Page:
South Africa has lifted overnight curfew rules that were first imposed nearly two years ago, with officials saying the country may have passed the peak of its fourth wave of COVID-19 infections.
The decision announced by the Presidency on Thursday followed meetings of the National Coronavirus Command Council (NCCC) and the President’s Coordinating Council (PCC), which received updates on the management of the current fourth wave of COVID-19 in South Africa.
The wave is currently being driven by the Omicron variant, which was first detected in South Africa last month.
”The curfew will be lifted. There will therefore be no restrictions on the hours of movement of people,” the Presidency said in a statement.
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The number of people permitted at public events has also been increased.
”Gatherings are restricted to no more than 1,000 people indoors and no more than 2,000 people outdoors. Where the venue is too small to accommodate these numbers with appropriate social distancing, then no more than 50 per cent of the capacity of the venue may be used. All other restrictions remain in place,” according to the statement.
The Presidency cited several reasons for the decisions, which have been welcomed by the restaurant industry and members of the public who were cautioned on Wednesday by Minister of Police Bheki Cele that they would be arrested if they were out in public after midnight on Friday to celebrate the advent of the New Year.
The curfew was in place from midnight to 4 am under the lowest level of South Africa’s five-level lockdown strategy.
”All indicators suggest the country may have passed the peak of the fourth wave at a national level,” the Presidency said, adding that cases had declined in all but two of the country’s nine provinces over the past week.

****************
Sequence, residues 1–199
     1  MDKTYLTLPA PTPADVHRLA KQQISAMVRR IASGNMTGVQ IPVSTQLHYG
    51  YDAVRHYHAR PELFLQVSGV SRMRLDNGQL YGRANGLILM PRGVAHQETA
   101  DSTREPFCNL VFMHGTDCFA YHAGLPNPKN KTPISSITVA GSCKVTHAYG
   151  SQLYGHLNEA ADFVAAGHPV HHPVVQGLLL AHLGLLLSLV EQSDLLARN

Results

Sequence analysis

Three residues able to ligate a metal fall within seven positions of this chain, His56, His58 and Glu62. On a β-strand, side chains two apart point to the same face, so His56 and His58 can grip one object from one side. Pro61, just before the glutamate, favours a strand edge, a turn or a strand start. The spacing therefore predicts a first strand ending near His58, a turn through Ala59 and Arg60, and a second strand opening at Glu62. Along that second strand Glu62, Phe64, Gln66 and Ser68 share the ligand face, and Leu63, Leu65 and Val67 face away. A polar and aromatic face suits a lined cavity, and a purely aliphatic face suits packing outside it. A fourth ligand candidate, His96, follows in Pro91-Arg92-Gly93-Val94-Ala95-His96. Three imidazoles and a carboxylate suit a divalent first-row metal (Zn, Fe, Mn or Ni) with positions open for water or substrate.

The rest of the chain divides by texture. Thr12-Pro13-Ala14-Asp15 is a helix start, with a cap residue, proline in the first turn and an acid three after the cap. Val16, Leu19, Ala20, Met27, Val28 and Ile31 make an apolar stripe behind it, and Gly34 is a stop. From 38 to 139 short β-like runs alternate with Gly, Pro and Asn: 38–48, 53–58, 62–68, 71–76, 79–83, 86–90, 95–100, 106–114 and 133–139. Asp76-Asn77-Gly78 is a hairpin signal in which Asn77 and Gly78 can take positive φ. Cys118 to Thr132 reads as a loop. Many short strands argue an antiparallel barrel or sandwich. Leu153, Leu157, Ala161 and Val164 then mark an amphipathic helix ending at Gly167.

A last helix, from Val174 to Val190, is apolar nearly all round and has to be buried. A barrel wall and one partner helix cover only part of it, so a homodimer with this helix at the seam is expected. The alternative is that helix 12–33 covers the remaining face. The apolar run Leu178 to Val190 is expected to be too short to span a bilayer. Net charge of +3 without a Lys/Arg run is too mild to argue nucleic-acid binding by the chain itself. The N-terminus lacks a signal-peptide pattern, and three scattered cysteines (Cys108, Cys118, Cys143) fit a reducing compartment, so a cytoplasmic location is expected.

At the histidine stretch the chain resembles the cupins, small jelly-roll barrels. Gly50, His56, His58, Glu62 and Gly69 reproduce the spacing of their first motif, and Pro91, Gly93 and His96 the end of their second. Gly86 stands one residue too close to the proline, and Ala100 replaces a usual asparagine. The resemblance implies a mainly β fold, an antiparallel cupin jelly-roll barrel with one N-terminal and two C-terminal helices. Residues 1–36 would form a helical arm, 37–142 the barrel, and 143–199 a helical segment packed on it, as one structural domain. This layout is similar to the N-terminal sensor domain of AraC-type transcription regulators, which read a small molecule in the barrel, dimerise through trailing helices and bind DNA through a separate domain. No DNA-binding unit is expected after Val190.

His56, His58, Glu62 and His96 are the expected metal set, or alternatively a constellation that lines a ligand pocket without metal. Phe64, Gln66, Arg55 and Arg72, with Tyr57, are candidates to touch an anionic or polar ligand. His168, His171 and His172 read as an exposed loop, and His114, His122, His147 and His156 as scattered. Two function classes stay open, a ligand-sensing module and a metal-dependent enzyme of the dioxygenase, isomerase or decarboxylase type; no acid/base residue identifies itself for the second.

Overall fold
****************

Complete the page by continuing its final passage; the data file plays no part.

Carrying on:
Other factors included the levels of vaccination in the country; lower rates of hospitalisation, which have not resulted in capacity being overloaded as with previous waves; and the marginal increase in the number of deaths in all provinces.
Conceding that the risk of an increase in infections is still high given the high transmissibility of the Omicron variant, the government called on all organisers of gatherings to ensure that all health protocols are observed at all times and that all attendees are encouraged to be vaccinated.
The restaurant industry welcomed the decision to remove the restriction on serving alcohol at restaurants licensed to do so beyond 11 pm.
”The NCCC will continue to closely monitor the situation and will make further adjustments as necessary, particularly if pressure on health facilities increases,” the statement said as it also reminded people that wearing of masks in public places is still mandatory, and failure to wear a mask when required remains a criminal offence.
With schools due to start opening in the next fortnight, parents have also been encouraged to use the available time to get their children older than 12 years to get vaccinated before then.
“This will avoid learners losing school time as a result of testing positive or as a result of contact with people infected with COVID-19,” the Presidency said.